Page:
Bob Sieglitz with his Model Ts
Mr. Bob Sieglitz at his Albuquerque home.

First-year medical student Devin Jelinek stands in a garage surrounded by three gorgeous Model Ts. It's not a typical day for this UNM student, but he's fine with that. Jelinek is part of the UNM Senior Mentor Program and he is visiting his mentor Mr. Bob Sieglitz at his Albuquerque home.

These are Sieglitz's Model Ts that he restored himself. The 98-year-old will tell you beyond that he hasn't done much else in his life, but he always says that with a sly grin after he's finished telling you one of his many fascinating stories.

This is what a visit is usually like between Jelinek and Sieglitz. Getting together, talking, telling stories. Learning from one another and gaining a deeper understanding of what each generation has gone through and will go through in the future.

They talk about the state of health care and how our nation is going to take care of its growing senior population. It's exactly the kind of open dialogue UNM had envisioned happening between students and seniors in the community when it first started the program eight years ago.

"The program is held outside of a clinical setting," said Lloryn Swan, coordinator for the Senior Mentor Program. "It's more of a psychosocial approach where the students and mentors can get to know each other beyond the clinic and learn about each other in addition to learning about health care needs for the elderly."

Surprisingly, there's a lack of geriatric medicine education in medical school curriculums nationwide. UNM's Division of Geriatrics, part of the Department of Internal Medicine, recognized this major need and jumped on the opportunity to start the program after receiving a grant from the Donald W. Reynolds Foundation.

Reynolds was a media entrepreneur who discovered in his later years that health care for the elderly was not where it should be in the U.S. He started the foundation to address many needs including the need to improve the quality of life of America's growing elderly population through better training of physicians in geriatrics.

"There is very little emphasis on older patients and education on how to care for the elderly which is important because as the baby boomers age there is going to be a huge need from that population," said Swan.

Jelinek said medical students are calling it the "senior tsunami," when all of the baby boomers will turn 65 and older. It's something medical students know they will be facing.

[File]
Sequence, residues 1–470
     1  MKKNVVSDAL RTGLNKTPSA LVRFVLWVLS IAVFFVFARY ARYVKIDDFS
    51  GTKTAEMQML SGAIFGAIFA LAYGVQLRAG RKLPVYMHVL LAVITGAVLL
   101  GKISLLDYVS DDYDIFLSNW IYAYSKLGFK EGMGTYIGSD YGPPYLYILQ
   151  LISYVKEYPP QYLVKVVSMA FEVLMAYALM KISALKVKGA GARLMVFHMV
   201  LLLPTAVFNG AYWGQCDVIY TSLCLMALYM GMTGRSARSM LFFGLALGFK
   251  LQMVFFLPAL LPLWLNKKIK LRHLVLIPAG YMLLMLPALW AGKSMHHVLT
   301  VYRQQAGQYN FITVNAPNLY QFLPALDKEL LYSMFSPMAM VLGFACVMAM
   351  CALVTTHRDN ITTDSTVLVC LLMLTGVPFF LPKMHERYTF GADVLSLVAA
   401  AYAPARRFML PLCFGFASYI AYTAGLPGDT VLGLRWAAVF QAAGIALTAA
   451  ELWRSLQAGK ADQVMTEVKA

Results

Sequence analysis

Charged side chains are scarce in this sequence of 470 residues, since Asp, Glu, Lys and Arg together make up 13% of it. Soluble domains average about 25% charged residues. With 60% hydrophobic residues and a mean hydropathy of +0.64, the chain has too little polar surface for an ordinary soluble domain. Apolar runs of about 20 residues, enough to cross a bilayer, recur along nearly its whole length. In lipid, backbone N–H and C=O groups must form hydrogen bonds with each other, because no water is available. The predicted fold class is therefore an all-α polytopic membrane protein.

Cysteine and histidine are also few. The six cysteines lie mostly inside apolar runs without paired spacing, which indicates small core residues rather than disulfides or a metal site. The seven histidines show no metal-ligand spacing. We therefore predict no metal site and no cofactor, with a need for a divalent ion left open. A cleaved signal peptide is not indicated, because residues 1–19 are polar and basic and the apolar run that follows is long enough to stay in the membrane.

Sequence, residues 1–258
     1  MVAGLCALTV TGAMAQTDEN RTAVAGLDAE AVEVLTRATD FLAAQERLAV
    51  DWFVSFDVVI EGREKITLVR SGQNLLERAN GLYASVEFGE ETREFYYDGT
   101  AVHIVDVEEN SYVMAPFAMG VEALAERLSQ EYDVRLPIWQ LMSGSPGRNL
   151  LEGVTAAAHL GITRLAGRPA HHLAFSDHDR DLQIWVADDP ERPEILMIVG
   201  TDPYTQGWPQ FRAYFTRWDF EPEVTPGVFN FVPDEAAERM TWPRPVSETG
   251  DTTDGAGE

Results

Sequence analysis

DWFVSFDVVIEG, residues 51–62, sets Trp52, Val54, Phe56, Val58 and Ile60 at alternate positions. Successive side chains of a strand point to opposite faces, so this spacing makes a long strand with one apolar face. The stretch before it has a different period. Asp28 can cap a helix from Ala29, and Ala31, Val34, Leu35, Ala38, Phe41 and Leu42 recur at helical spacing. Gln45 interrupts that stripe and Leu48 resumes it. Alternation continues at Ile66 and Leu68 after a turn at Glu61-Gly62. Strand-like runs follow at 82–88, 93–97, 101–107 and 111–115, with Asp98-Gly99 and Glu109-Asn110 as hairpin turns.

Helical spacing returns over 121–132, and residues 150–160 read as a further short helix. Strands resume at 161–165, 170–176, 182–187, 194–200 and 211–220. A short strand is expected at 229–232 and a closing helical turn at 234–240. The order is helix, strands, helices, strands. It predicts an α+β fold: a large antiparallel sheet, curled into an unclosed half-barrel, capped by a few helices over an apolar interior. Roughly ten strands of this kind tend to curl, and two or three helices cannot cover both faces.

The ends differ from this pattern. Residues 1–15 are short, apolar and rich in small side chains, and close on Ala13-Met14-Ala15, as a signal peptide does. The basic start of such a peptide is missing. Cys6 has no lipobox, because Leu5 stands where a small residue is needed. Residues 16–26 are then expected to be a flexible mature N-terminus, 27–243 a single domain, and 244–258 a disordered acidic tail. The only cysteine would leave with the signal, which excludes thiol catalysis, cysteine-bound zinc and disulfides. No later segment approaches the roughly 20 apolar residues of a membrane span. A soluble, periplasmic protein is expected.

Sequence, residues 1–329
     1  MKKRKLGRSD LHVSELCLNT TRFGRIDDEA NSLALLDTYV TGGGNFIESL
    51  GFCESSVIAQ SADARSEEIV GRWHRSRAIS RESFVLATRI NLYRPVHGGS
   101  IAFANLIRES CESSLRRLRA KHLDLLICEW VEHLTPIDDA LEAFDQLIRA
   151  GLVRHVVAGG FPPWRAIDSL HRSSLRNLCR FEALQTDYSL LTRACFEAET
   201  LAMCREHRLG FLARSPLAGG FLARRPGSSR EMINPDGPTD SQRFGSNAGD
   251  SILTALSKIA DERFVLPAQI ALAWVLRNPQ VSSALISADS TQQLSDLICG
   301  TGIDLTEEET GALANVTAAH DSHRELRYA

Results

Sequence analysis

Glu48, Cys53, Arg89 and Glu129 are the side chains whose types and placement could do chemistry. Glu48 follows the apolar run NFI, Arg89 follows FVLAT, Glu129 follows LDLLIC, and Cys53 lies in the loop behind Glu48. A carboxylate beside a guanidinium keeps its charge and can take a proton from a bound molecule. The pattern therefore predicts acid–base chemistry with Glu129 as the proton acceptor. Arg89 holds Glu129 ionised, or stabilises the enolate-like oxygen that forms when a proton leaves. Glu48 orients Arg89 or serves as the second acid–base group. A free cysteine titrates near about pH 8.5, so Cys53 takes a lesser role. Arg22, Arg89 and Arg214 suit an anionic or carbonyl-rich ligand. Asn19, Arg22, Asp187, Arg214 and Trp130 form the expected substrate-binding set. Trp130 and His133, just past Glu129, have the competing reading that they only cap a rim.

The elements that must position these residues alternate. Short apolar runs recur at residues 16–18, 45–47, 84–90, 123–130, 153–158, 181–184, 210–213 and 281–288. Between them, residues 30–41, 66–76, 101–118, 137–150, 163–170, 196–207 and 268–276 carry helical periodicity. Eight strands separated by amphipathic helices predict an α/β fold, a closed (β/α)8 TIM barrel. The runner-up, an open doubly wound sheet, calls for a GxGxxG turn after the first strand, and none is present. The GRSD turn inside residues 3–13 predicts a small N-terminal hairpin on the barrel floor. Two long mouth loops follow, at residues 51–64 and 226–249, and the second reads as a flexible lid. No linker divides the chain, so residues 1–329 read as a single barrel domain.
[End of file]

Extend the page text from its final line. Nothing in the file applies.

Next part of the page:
"In every single doctor specialty, except pediatrics, there will be a large population of geriatric patients," said Jelinek. "It's interesting that geriatric medicine isn't focused on more in the curriculum. So, this program is a great idea."

Sieglitz added that these programs are needed because people are living a lot longer these days.

"What do you think my life expectancy was when I was born in 1915? Under 50," said Sieglitz. "So, I've done pretty well. Do you know what the life expectancy of a female that is born today? Almost 99 years. So, what is the problem going to be with the medical profession? Geriatrics."

For Sieglitz to say that he's done well is a little modest. The man has done just about everything in his 98 years and is still keeping his passions and curiosities going today.

During Jelinek's visit, Sieglitz shared some wonderful little gems of wisdom that you would want to hold on to forever and live by just as he has because obviously it has worked for him. Here are some of Sieglitz's words of wisdom:

"I'll tell you what, this old earth we live on is a fabulous place and it's to be enjoyed."

"Well, I hate to say this, but I like people. Very seldom in my life had I had anyone I couldn't get along with."

"I never worry at night. At night, when I hit that pillow, I'm asleep within five minutes. It's so easy to do, but it takes practice."

"There are still a lot of things to enjoy in this world. I've taught square dancing, folk dancing, scuba diving, fly fishing. I like to keep busy. I still keep pretty busy."

More about the Senior Mentor Program

When the Senior Mentor Program started eight years ago, there were 12 students and 12 mentors who participated. Today, there are 50 students and 50 mentors each year in the program.

The program is voluntary and open to students in the school of medicine as well as students in the following programs who have a special interest in geriatrics: Physician Assistant, Physical Therapy and Occupational Therapy.

First year students and their senior mentors meet at least three times between October and May to develop a social relationship and discuss assigned health-related topics. The meetings take place in the mentors' homes or other mutually agreed-upon locations, and normally last 1-2 hours each.

For more information on the Senior Mentor Program, contact Lloryn Swan at (505) 272-4837 or lswan@salud.unm.edu.